Fire on Pfeiffer Ridge

Sycamore Canyon

Sycamore Canyon and the Big Sur Valley. Pfeiffer Ridge is at the back of the Sycamore Canyon drainage, running parallel to, and just to the west of, Hwy. 1. Pfeiffer Beach is at the bottom of the photo.

As many of you have been pointing out to us this morning. A fire broke out on Pfeiffer Ridge last night and has been burning through the Sycamore Canyon drainage toward the ocean. We’ve seen reports of as many as 500 acres burned and structures, including homes, have reportedly been destroyed.

A heavy smoke layer has now reached Carmel and the Monterey Peninsula. No heat detections have yet appeared on the MODIS maps.

The fire has apparently reached Clear Ridge in places, but we haven’t heard any reports of it moving further to the west than that.

11:15 am 12/16/13 Update: As many as 15 homes are now estimated to have burned, including the home of the Big Sur Fire Chief, Martha Karstens.

11:45 am 12/16/13 Update:

Fire Origin?

There are reports that the fire began along the Buzzard’s Roost Trail. That would place the point of origin somewhere in the area indicated above. Since then, the fire has burned generally toward the west across a thickly populated (by Big Sur standards) series of ridges.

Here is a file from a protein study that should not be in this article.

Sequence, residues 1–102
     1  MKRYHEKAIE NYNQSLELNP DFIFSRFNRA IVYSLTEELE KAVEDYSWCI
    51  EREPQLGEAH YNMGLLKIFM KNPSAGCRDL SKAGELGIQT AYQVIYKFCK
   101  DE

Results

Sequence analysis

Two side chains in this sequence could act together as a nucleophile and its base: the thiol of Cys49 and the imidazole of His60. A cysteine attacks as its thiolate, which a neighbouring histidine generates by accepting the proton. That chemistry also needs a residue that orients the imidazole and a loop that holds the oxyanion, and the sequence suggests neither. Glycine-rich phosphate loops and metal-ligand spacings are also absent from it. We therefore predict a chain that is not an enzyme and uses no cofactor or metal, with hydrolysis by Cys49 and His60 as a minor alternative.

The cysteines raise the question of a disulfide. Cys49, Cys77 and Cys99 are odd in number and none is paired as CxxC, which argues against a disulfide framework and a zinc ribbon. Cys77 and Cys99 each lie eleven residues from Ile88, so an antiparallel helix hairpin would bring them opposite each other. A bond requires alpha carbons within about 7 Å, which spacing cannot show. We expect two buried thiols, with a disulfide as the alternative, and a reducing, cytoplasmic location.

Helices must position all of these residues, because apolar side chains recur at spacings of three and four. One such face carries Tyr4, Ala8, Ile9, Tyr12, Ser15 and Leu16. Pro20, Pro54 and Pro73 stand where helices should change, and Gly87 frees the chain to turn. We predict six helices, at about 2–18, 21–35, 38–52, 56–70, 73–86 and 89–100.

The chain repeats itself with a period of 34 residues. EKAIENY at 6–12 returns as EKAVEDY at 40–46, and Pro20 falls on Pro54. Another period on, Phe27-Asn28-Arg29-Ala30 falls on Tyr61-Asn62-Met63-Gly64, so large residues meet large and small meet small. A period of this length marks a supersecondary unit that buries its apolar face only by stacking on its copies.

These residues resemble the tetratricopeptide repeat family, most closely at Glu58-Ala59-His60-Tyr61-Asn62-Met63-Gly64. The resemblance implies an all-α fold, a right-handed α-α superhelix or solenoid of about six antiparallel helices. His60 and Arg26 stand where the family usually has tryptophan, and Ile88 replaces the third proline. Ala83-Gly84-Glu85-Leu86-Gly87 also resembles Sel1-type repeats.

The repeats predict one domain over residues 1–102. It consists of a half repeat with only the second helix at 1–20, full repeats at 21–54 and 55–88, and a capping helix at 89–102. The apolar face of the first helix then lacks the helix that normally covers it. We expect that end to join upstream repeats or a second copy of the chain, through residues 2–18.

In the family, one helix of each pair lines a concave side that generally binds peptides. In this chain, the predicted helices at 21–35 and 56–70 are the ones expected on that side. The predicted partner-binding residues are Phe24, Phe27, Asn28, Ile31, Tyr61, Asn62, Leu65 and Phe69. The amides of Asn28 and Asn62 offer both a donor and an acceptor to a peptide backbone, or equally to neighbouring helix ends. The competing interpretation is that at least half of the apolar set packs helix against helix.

4:15 pm 12/16/13 Update: Official word is that 15 homes have burned. Unofficial reports say as many as 20 homes have been destroyed. KSBW has posted a video providing an overhead view of the fire. They don’t say when it was shot, but it does show a fire front slowly moving west in the location indicated below.

KSBW Fire Front

We’ve drawn in a white line to indicate the westernmost front of the fire as shown in the video. The fire front continued down toward Bear Killed Two Calves Creek and back in the direction of Sycamore Canyon Rd., but we didn’t get a clear enough view to be willing to draw any more.

Monday Evening Thoughts:

1) We’ve been hearing stories all day about the fire burning along Pfeiffer Ridge all the way to the Emile Norman house and Clear Ridge, but the photos we’ve seen, and the KSBW video, don’t back this up (although we don’t know when the video was shot or how far the fire might have traveled since then). Based on what we’ve seen, we’re guessing the fire still hasn’t made it that far.

2) A December fire underlines just how dry a year 2013 has been. Yet this is still the rainy season and heavy rains might be only weeks away. Hard rain on recently burned slopes can cause real problems.

3) Losing a home is never easy, but those who live in fire country brace themselves for the possibility every fire season, only relaxing when the rains begin to fall. Part of what makes this fire so traumatic is that it arrived when least expected; in the middle of the night, in the middle of December, and following enough rain to start the new grass sprouting.